In the present case, it is clearly seen that the rights guaranteed in the ICCPR is clearly violated. The self incriminating confession violates his Right under Article 14 of the convention. Further, there is no conclusive proof on the fairness of the trial in the martial court nor is there any evidence to prove that Jadav was given an opportunity to defend himself.
Does the Indian Government have Consular Rights?
Foreign nationals who are arrested or detained be given notice "without delay" of their right to have their embassy or consulate notified of that arrest. The Consulate on being notified can request the respective country permission to meet the arrested nation. These are known as consular rights. As per provisions of the Agreement on Consular Access between India & Pakistan signed on 21st May 2008, India is entitled to the right to consular access to Indian prisoners held captive in Pakistan. Pakistan is obliged to grant the Indian authorities access to meet Kulbhushan Jadav. This agreement is enforceable based on the legal principle, Pacta Sunt Servanda translated to “treaties shall be complied with”. State practice over the centuries has recognized the fundamental significance of pacta sunt servanda as a principle or rule of maintaining international relations. Pakistan has denied India consular access on request 16 times which clearly proves the violation of the agreement.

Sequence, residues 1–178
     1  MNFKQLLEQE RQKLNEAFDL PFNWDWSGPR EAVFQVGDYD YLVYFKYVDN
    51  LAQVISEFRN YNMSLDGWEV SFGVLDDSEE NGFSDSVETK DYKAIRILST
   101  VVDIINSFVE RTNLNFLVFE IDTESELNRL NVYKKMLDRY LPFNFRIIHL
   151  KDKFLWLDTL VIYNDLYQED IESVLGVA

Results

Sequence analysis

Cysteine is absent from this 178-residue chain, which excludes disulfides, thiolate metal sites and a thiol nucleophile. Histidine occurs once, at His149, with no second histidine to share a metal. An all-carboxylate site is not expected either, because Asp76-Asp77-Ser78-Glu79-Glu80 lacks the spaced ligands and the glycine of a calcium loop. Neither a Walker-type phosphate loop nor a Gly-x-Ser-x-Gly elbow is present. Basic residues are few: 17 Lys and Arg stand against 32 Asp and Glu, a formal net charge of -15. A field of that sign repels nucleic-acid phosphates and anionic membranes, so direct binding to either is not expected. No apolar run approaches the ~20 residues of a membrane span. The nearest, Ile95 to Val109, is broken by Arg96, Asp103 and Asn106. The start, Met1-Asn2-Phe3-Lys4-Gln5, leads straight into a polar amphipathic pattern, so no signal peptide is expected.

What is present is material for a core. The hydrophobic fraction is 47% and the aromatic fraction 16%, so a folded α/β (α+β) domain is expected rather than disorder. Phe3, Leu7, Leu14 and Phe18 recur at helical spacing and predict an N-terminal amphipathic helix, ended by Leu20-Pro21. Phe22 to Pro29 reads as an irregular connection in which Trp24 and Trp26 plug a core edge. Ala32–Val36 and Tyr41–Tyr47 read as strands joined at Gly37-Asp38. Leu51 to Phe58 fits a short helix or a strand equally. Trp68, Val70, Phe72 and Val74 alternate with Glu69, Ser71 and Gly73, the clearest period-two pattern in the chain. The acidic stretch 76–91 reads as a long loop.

Can India appeal against the Martial Court Order?
Pakistan’s breach of international law and Jadhav’s death sentence may be effectively challenged by recourse to the International Court of Justice(ICJ). Furthermore, any dispute arising with respect to the provisions of the VCCR can be heard in the ICJ by virtue of both India and Pakistan being parties to the Optional Protocol to the Vienna Convention on Consular Relations concerning the Compulsory Settlement of Disputes, 1963.
Jadav’s mother Avanti Jadhav filed an appeal u/s.133B of THE PAKISTAN ARMY ACT, 1952 against the Court’s death sentence. As per the provision of the Act, any person to whom a court-martial is awarded a sentence of death, within forty days from the date of announcement of finding or sentence can file an appeal to a Court of Appeals.
India being denied consular access raises concern over Jadav’s wellbeing in Pakistan. Though the appeal file can prevent Jadav’s imminent death for 40 days, the government of India must take more assertive steps. If India approaches the ICJ and invokes the provisions under Art 41 of the ICJ Statute, India could effectively prevent execution of Jadav’s death sentence.
Dialogue and diplomacy can play vital role in resolving conflicts between two countries. Platforms for effective dialogue, such as the United Nations, have not been favorable to either country in cases of conflict. Current territorial disputes stand to be used as a pawn in the diplomatic affairs to further either country’s objectives. The ambiguity on Pakistan’s side to release pertinent information regarding the case raises suspicions against them. Moreover, the turbulent nature of espionage through national intelligence services has increased the sensitivity of the case. Future proceedings stand to affect the delicate relations between the two nuclear armed countries.